An essential aspect of EU citizenship law consists of the full trust enjoyed by the Member States in citizenship matters vis-à-vis their peers as well as Union institutions, as long as the rights of individuals under EU law, including their procedural rights, remain safeguarded. The Member States cannot question each-others’ nationalities in seeking to deprive EU citizens of the enjoyment of their rights (Micheletti, also Zhu and Chen). EU law thus imposes an obligation to give full recognition to EU citizenship acquired via the nationalities of any Member State themselves acquired according to their legal requirements, be it by birth outside the territory (Zhu and Chen) or establishing remote ancestry ties without any linguistic knowledge or residence history in the state of nationality (Micheletti). Discrimination between EU citizens based on their mode of citizenship acquisition is strictly prohibited (Boukhalfa). Consequently, the ‘genuine links’ that the Commission is building its case upon are the genuine legal links of nationality existing between a Member State and an individual, which do not imply any requirements of additional connections between the said individual and the Member State in question, beyond the fact of existence of the legal link of nationality. Requiring any kind of history of residence or ‘culture’ ties on top of the citizenship link is a direct violation of the principle of non-discrimination on the grounds of nationality (Article 19 TFEU) and the principle of non-discrimination on the basis of a particular ground of citizenship acquisition (Boukhalfa). The Court of Justice in Micheletti expressly prohibited any reference to cultural/residential links between an EU citizen and his Member State, prompting Advocate General Tesauro to mock the arguments invoking connections with another Member State going beyond nationality brought by the Spanish government in that case. The Commission’s reference to ‘genuine links’ is a direct violation of EU law as it stands.
The principle of sincere cooperation in Article 4(3) TEU covers both the sins of omission and the sins of commission and prohibits Member States from deploying national law adopted within their own sphere of regulatory competence in a way that could threaten the internal market and the achievement of the objectives of the Union. The Union offers its citizens an area of freedom, security and justice; ensures non-discrimination on the basis of nationality; provides free movement in the territory of all the Member States; and other rights found in Part II TFEU. To state that a newly-naturalised Maltese citizen is enabled to enjoy these rights in order to argue that the principle of sincere cooperation has been infringed – which the Commission is doing – is a logical impossibility: rather than an infringement, what we observe is that the law functions as designed. Malta creates Maltese citizens, who are then recognised as EU citizens and granted EU-level rights by default. Since the availability of rights to EU citizens, as well as Malta’s ability to create them unquestionably flows from the law, as explained above, the breach that the Commission complains about is nowhere to be seen.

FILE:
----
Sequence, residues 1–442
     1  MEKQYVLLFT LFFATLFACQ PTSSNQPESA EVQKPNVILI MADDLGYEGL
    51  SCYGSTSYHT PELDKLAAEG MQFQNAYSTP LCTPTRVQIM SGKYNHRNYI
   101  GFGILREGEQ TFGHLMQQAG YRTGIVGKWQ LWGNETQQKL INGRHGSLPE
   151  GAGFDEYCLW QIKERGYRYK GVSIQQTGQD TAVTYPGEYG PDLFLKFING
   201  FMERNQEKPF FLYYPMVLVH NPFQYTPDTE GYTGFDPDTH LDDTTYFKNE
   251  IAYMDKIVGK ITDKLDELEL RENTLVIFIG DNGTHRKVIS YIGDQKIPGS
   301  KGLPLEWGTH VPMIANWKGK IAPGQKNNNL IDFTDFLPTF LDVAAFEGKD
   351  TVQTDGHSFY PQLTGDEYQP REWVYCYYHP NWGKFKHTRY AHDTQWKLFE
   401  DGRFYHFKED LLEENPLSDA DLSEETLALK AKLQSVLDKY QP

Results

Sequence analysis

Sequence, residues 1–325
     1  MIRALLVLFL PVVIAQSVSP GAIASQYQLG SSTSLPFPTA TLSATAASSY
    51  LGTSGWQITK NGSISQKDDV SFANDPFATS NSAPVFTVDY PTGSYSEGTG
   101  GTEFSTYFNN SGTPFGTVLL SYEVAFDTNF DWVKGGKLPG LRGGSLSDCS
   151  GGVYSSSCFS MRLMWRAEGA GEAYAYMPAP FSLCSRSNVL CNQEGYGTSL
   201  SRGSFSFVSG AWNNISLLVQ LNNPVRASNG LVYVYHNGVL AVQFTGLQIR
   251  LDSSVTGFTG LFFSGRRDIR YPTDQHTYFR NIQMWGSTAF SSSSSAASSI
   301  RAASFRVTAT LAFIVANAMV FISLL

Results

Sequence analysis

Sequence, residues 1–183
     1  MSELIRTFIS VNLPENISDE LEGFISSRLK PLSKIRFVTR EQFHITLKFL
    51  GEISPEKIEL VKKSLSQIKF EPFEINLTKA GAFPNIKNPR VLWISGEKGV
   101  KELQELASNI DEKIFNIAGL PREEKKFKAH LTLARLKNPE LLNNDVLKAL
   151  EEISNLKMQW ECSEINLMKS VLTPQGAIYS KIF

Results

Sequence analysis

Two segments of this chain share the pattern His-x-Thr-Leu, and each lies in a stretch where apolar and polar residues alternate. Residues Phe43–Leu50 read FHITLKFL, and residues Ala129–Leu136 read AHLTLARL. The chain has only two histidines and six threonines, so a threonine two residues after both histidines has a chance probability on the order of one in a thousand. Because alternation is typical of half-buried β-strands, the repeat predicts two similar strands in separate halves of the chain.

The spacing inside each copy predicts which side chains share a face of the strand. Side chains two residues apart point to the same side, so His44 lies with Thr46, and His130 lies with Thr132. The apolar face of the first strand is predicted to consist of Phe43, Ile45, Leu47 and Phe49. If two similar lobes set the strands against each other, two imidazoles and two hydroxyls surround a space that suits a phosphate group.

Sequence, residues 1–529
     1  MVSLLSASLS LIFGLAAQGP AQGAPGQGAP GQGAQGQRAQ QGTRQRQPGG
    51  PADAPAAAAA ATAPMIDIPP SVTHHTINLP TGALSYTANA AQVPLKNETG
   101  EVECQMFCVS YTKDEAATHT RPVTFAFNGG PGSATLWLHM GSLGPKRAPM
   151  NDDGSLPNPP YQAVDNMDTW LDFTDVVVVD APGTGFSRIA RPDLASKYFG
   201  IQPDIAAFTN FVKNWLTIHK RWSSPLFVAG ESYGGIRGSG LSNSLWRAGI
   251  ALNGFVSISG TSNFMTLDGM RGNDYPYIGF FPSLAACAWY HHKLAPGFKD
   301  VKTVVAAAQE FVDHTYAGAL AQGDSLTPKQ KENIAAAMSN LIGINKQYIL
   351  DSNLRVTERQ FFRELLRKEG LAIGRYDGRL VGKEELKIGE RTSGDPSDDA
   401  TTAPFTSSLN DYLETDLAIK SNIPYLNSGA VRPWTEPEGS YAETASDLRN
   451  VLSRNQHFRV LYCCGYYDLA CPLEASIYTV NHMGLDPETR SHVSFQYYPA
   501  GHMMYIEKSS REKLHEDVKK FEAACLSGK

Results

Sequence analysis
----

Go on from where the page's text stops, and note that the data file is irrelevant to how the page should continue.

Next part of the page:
Moreover, given that the Court prohibited any kind of ‘genuine links’ approach in Micheletti, the argument alleging a breach of sincere cooperation is not merely flawed: it is put forward in an outright disregard of the law.
The Treaties do not recognise the nationalist logic which the Commission presumes, as the Court has clarified on many occasions.
Those who acquired a ius soli citizenship having never visited their Member State of nationality and thus enjoy zero ‘genuine links’ with it (Zhu and Chen) are granted equal rights to those who have never visited the Member State which issued their passport, having received nationality via ancestry in Latin America (Micheletti): these rights include benefitting from the full protection of EU law, including the express prohibition of any Member State from invoking a ‘genuine links’ argument to prevent these rights from operating. The Commission is mounting an attack on the heart of the fundamental rights provided by EU law.
The logic of the law explained above is not a frivolity. Allowing a check for ‘genuine links’ would turn the whole idea of non-discrimination on the basis of nationality into a fiction in a split second, it is precisely the reason why the Court in Micheletti prohibited Member States from going down this path. By suggesting the contrary, the Commission is mounting an attack on the heart of the fundamental rights provided by EU law, as well as the essence of the free movement of persons in the internal market. Given that the principle of sincere cooperation applies equally to the Member States and to the EU institutions, bringing Malta before the Court of Justice based on a gross perversion of the law is itself a clear violation of the duty of sincere cooperation by the Commission.
Dangerous abuse of power
The underlying thinking informing this obscurantist unlawful pressure put on Malta is instructive in itself, as the Commission is attempting to set aside the law in order to attack only one mode of Member State nationality acquisition among many: while according to the Commission, paying for citizenship is not ok, ‘ancestral links’ emerge as always genuine according to this reasoning, no matter how remote the ‘ancestor’. In other words, the Commission uses the case of Malta to promote a citizenship ideal rooted in blood: fetishising both sexism (grandmothers usually count for little under this reading) and racism (only those with no ancestral connections have to ‘buy’ citizenship).
In summary, the Commission’s push to frame EU citizenship is in direct opposition with the founding values of the Union, including non-discrimination on the basis of nationality, democracy and the respect of the constitutional identity of the Member States.
This is something that the Court will not be able to uphold from whichever angle it may look at it.
Bruno L’ecuyer is co-founder & Chief Executive of the Investment Migration Council. Bruno leads the Secretariat and is responsible for all IMC operations. A regular contributor to international publications and conferences in Europe, North America, Caribbean, Middle East and Asia, he has held positions in London, Paris and Hong Kong. Bruno was previously head at a national financial services association, acting as a bridge between government, industry and international policy institutions. A member of the Governing Board, Bruno acts as its Secretary and chairs the Advisory Committee and holds Consultative Status with the UN’s Economic & Social Council since 2019.